The Dirty Waltz are an Indie, garage, rock band, who hail from Salford/Manchester, whose talent is rudimentary that incorporates quintessential, British influences. Listening to their carefree and angst-ridden songs makes you want to have a dance in your teenage bedroom and put two fingers up at the world.
“Paris” is an accessible, catchy, post-garage song, with shades of Weller and Buzzcocks which is loyal to mimimalist punk. With laconic, deep, slightly oblique vocals, “Paris” delivers in a laid-back Mancunian swagger, whose lyrics encapsulates idealistic youth and angst: “I used to think that we could walk into the sunset… I used to think that we could walk hand in hand”. Fuelled by thumping drums, “Paris” is musically uplifting, with subtle guitars which then evolves into an unleashed, raw, random guitar solo. Rhythmically balanced throughout, it’s towards the end where it becomes more diverse and finally ends with a fast, “in and out” relay guitar arrangement.
“Whitworth Park” again is a fast, post-garage song, which could have been composed by Pete Doherty, with its rebellious, raw and wayward energy. Delivered in more unpolished vocals, Whitworth Park, sentimentally reminiscent of angst-ridden youth: “In the dark, through “Whitworth Park”, is where we lost ourselves….” Adopting more layered guitar arrangements which in parts are both self-contained and raucous, which morph into more reserved and calculated strumming, playing fiercely against the beating drums. However, just when you think you’ve regressed back teenage toil, the clapping drum interlude liberates the angst, adding a more sunny disposition.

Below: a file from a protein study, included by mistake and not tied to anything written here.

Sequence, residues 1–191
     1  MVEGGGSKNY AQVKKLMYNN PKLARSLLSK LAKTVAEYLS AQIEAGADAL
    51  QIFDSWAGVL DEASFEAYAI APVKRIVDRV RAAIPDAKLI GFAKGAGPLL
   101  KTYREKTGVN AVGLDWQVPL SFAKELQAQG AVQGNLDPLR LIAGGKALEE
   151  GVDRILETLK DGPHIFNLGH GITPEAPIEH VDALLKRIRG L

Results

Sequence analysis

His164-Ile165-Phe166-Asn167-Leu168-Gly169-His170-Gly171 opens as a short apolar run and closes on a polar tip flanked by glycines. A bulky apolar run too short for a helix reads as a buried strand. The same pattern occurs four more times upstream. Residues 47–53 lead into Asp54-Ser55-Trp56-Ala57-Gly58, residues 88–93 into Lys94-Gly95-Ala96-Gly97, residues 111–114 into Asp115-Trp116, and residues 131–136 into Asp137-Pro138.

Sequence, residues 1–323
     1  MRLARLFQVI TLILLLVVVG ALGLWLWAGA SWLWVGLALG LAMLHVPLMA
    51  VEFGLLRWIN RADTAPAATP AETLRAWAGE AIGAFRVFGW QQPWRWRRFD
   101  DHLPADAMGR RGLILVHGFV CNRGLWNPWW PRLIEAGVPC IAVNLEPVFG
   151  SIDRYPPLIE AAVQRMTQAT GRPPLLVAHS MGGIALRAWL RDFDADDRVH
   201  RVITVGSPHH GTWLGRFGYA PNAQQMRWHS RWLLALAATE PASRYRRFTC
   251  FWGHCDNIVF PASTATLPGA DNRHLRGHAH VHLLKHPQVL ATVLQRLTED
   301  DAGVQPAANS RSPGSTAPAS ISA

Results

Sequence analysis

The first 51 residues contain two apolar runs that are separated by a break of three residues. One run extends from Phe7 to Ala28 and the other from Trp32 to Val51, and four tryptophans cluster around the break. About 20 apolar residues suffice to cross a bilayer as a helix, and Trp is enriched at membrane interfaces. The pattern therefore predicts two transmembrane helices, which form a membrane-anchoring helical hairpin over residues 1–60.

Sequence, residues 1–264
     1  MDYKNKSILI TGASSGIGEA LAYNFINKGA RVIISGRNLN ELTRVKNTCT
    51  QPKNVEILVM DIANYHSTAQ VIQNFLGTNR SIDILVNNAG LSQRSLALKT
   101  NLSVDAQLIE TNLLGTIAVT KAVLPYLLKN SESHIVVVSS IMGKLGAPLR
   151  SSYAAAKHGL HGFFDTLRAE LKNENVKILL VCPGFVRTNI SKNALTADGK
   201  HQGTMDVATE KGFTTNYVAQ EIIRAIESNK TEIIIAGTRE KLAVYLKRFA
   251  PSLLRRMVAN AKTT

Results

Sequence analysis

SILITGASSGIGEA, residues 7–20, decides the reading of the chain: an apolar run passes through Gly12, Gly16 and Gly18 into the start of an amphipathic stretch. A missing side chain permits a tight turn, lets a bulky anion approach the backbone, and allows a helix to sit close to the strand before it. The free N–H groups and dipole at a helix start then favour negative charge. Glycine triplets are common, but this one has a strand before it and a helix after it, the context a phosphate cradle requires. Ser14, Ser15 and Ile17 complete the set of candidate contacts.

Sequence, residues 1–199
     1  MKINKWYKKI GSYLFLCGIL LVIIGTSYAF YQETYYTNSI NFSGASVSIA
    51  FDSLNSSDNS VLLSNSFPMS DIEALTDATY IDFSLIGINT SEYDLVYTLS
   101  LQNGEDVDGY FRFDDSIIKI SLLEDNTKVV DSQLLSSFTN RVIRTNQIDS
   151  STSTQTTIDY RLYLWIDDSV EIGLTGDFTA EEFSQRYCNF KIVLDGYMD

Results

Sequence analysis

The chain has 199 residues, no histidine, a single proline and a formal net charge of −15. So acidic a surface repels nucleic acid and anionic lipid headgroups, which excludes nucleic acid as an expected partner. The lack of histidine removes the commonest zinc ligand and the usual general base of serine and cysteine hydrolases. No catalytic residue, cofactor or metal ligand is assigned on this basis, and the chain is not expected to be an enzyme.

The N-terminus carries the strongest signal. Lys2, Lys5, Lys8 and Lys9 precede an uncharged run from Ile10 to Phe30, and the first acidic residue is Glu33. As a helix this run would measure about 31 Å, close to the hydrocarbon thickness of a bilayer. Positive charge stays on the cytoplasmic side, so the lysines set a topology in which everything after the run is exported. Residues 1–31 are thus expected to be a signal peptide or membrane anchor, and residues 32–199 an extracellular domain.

You’re coming home with me
“You’re coming home with me” crosses“ The Dirty Waltz” into a rock-jazz genre and is lyrically their most accomplished song: “She walks across the rainbow, carrying her little surprise..” With it’s torpid trumpets and stoney vocals “You’re coming home with me” makes me feel like I have just entered some smokey, underground club at 2:50 am amongst the half-cut hedonists and those refusing to go home. It’s when the subtle synths emerge towards the end, the languid, laid-back delivery steps up incorporating a faster and more energetic tempo. It’s as if they have all sobered up which reinforces the chorus: “You’re coming home with me”, repeating robustly against a more synchronised, stubborn soundscape.